Submarine in Lebanon finds seven bodies from April boat tragedy

Vessel capsized with 80 people onboard as it attempted to sail to Italy

The Pisces VI submarine at a Lebanese Navy base, in Tripoli, north Lebanon. AP
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A submarine in Lebanon has found the remains of at least seven people who died when their boat sank off the Lebanese coast earlier this year as they sought to migrate to Italy, the naval officials said.

The boat, carrying around 80 Lebanese, Syrians and Palestinians, went down more than five kilometres from the northern port of Tripoli, following a clash with the Lebanese Navy.

Seven bodies were recovered the night of the incident including a child, while 48 survivors were pulled from the Mediterranean.

According to Lebanese Navy estimates, 30 people died.

Since Monday, a three-crew Pisces VI submarine has been searching for the remains. The vessel was located on Wednesday, at a depth of 450 meters.

The circumstances of the sinking remain disputed. Survivors say their vessel was rammed by the Lebanese Navy, while the military claims the migrant boat collided with a naval vessel while trying to get away.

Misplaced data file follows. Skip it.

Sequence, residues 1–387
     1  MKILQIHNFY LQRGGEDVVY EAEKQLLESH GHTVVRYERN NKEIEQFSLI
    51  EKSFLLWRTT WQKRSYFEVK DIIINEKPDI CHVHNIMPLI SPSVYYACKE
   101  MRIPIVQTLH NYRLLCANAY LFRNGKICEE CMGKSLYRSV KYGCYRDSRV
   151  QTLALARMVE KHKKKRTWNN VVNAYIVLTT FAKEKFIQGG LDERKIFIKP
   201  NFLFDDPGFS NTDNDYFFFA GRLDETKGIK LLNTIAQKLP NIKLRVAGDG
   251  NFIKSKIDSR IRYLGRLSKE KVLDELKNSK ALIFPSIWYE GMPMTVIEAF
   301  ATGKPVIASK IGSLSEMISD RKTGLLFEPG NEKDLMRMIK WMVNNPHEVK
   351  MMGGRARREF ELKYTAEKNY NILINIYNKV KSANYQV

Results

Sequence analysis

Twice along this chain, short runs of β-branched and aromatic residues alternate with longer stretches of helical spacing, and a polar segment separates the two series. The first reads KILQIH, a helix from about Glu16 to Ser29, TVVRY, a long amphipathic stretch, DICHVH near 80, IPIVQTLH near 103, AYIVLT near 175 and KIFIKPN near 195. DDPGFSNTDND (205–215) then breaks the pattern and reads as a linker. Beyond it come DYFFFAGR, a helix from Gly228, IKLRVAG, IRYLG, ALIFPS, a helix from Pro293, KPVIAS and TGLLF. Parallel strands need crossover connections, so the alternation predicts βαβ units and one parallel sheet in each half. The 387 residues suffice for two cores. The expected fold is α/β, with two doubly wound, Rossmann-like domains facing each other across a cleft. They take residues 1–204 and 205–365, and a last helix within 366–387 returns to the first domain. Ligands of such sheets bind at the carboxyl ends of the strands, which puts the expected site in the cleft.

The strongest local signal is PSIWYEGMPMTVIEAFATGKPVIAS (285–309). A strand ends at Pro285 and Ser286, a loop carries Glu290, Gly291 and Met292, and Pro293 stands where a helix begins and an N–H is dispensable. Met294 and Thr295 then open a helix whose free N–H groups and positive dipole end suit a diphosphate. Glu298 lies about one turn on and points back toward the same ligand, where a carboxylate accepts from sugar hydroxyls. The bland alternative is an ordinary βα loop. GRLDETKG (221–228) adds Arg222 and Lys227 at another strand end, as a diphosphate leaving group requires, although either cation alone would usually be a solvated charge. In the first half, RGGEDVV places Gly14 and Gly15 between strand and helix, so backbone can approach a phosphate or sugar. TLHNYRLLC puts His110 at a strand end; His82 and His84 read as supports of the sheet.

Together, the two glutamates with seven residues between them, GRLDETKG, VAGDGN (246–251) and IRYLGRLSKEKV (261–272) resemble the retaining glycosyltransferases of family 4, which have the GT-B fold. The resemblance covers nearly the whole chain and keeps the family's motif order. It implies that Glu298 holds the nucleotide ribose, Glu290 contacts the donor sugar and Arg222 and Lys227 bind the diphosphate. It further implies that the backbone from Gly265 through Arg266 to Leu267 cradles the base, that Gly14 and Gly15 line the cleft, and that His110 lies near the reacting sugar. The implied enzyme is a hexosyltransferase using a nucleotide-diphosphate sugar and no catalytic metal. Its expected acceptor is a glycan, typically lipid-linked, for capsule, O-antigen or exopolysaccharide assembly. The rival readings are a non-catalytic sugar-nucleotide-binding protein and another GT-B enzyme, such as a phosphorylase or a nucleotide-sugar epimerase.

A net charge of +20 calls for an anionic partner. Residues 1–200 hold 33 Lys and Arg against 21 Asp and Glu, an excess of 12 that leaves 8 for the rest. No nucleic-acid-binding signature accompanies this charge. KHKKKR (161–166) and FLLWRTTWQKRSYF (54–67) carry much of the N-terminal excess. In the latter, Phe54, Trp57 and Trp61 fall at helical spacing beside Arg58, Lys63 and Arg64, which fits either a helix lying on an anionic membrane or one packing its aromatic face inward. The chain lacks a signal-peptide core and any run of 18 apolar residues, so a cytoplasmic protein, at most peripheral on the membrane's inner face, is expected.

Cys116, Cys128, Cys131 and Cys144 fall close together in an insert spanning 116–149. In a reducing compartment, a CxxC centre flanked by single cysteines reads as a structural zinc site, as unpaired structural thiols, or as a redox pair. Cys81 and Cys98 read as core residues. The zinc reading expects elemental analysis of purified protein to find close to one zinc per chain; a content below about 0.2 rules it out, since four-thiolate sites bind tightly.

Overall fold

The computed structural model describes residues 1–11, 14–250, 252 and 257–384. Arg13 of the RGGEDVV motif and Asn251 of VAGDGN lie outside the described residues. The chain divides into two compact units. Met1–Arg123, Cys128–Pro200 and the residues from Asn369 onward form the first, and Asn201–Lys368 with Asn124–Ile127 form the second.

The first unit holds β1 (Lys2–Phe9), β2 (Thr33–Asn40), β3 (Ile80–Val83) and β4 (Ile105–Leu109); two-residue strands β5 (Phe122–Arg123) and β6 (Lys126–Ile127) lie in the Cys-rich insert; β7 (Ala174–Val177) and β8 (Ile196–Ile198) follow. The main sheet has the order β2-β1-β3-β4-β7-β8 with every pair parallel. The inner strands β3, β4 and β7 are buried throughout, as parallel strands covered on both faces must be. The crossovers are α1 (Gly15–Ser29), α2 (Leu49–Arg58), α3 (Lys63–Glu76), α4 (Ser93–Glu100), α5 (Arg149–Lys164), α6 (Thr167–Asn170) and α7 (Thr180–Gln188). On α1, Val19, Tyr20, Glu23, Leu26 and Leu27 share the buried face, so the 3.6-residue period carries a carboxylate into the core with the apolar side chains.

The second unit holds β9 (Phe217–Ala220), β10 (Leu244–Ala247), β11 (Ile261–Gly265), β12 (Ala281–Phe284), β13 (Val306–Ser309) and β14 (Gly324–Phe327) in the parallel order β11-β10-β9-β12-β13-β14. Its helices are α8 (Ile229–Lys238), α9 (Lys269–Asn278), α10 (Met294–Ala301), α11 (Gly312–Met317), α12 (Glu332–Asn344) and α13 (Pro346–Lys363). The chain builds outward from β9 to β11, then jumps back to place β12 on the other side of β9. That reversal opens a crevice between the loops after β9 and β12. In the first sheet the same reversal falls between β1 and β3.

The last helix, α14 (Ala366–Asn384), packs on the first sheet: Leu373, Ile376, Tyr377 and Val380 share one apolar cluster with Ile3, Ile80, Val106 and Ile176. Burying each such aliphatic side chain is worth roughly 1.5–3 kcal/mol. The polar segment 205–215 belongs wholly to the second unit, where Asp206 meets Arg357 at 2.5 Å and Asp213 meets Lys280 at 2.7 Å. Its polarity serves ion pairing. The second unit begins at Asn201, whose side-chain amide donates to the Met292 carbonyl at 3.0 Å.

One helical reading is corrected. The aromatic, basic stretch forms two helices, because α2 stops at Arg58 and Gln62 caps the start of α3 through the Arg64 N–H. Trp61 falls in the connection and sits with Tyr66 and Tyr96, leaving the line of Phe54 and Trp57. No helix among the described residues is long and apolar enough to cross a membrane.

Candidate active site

Scott Waters, who operated the submarine, told reporters in Tripoli on Friday that the first body they found was outside the wreck.

He said the crew identified six more bodies inside the sunken vessel and a substantial amount of debris around it. Some people who tried to escape the boat, he assumed, got “tangled in that debris.”

Mr Waters said the last image the crew took was of the remains of two people who died in each other's arms.

Tom Zreika, a Lebanese Australian and the chairman of charity AusRelief that helped bring the submarine to Lebanon, said the boat was a “fair degree under silt,” making it difficult to retrieve it.

Mr Zreika said the next task for Lebanon is raising the vessel, though that would be a difficult task.

Commander of the Lebanese Navy, Col Haitham Dinnawi, said the video footage taken by the submarine will be handed over to the judiciary as it investigates the sinking.

Tripoli MP Ashraf Rifi helped lease the submarine for cash-strapped Lebanon through Mr Zreika and his own brother, Jamal Rifi, who lives in Sydney.

Mr Rifi and Mr Zreika told The Sydney Morning Herald last month that an anonymous donor had given $295,000 to lease the submarine.

The April sinking was the greatest migrant tragedy for Lebanon in recent years and put the government further on the defensive at a time when the country is in the grip of a devastating financial collapse.

With a population of about six million people — including one million Syrian refugees — Lebanon has been mired since 2019 in an economic meltdown that has plunged three quarters of the population into poverty and led to widespread shortages of basic necessities.

Once a country that received refugees, Lebanon has become a launching pad for dangerous migration by sea to Europe.

Updated: August 26, 2022, 5:55 PM
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